Monday, 29 August 2011

Micromanaging, overediting and knowing when to stop

When the Novel Spaces group blog went live two years ago I watched over it like a fussy mama. As co-coordinator, I wanted everything to be purrrrfect. I checked the list of posts already written and scheduled, and noticed that one author had not pre-scheduled his first post. No problem, I told myself. People have different approaches: some will prepare weeks ahead while others will create and post at the very moment they're supposed to go live...

But there I was anyway, minutes to midnight, just before my friend's post was to appear, and there was no sign of his article in the lineup. Sheesh, I wondered. Maybe he forgot, it being a holiday weekend and all. I trotted over to Amazon, did some window shopping, then returned to the blog and checked the list of posts again. Nothing. I shot off an apologetic e-mail to the guy, something along the lines of: Sorry to be a nuisance - but did you forget today's your day to post? Then I clicked over to check the blog once more before I went to bed - and there it was! My friend's post! Right on time, too.

Needless to say, I felt like an idiot. I don't like anyone looking over my shoulder, sniffing at my heels, or whatever analogy there might be for just being ANNOYING! So why was I doing that to other people? Couldn't I have waited at least until the next morning before I started firing off nagging e-mails?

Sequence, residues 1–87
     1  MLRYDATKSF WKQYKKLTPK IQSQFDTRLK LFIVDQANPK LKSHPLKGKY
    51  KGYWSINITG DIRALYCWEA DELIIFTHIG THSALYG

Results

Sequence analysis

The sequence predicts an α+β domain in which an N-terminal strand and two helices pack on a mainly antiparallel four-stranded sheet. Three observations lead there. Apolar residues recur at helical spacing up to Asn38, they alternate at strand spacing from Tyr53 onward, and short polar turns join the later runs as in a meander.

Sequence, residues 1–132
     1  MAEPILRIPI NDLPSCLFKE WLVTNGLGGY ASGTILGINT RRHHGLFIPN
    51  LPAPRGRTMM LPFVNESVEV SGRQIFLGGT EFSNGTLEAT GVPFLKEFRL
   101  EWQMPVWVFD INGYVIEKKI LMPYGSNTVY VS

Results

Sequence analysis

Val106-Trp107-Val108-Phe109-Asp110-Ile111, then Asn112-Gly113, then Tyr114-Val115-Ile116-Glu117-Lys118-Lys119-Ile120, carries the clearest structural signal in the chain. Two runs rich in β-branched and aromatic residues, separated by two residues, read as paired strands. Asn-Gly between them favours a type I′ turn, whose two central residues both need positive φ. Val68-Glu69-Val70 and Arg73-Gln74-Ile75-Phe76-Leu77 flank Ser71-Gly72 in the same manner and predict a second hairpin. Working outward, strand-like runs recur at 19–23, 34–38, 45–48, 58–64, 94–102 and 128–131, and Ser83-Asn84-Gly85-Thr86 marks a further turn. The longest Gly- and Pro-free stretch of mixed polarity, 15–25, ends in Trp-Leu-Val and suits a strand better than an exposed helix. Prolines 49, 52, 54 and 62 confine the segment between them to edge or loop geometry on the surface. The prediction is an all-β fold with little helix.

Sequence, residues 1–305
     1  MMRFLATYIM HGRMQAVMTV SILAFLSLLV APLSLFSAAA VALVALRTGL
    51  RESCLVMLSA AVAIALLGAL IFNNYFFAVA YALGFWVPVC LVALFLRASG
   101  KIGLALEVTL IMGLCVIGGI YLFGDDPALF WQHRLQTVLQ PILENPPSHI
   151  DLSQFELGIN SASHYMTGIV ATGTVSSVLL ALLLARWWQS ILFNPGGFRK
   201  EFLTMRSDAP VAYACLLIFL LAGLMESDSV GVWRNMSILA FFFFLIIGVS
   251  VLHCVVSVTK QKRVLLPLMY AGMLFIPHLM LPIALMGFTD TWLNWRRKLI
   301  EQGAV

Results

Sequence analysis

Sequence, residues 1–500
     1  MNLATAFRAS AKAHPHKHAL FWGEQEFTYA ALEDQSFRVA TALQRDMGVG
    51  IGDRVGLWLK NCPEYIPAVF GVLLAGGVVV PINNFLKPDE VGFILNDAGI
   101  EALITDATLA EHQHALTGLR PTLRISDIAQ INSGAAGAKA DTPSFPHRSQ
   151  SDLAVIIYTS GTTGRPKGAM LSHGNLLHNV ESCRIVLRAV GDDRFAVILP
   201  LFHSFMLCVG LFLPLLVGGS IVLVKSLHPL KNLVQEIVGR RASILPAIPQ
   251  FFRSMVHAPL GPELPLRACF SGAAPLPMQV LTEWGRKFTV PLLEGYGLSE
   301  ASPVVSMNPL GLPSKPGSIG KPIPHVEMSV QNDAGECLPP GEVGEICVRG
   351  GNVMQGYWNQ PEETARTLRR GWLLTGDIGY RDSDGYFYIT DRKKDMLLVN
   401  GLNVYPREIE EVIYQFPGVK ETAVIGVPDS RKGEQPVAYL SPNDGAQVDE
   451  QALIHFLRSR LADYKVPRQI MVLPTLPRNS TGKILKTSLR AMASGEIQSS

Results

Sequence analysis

I made a resolution that night: Don't be a bloody pest. Leave grown people alone to do what they have to.

This obsessiveness carries over to my writing, sad to say. I know writers who never rewrite, who edit as they go, submit their product when they get to the end and then move on to the next project. I'm at the other end of the spectrum: when I get to 'The End' my work is just beginning. If I re-read my manuscript 50 times I find things to change each of those times. I delete, add, modify, shift around, rename, reword, rephrase, restore to the original, shift back again and generally edit until I reach a point where I have to say: Hands off. Leave it alone. Didn't you hear me? Step away from that @#$%*! manuscript!

Overediting is a real danger to writers, just like micromanaging is to organizers. You run the risk of running past the point where your nit-picking is beneficial and you begin doing real damage. Instead of growing stronger, the work grows weaker as you focus more and more on minutiae and begin to lose sight of the big picture. Recognizing that point is vital, and truly difficult for micromanaging, perfectionist, anal-retentive writers - like me.

Monday, 22 August 2011

View from the Caribbean

Maracas Beach, one of my favorite places

Okay, so I live in paradise. I admit it. Can we get past the sun, surf and sand for a moment and look at how location, and this location specifically, impacts on this writer?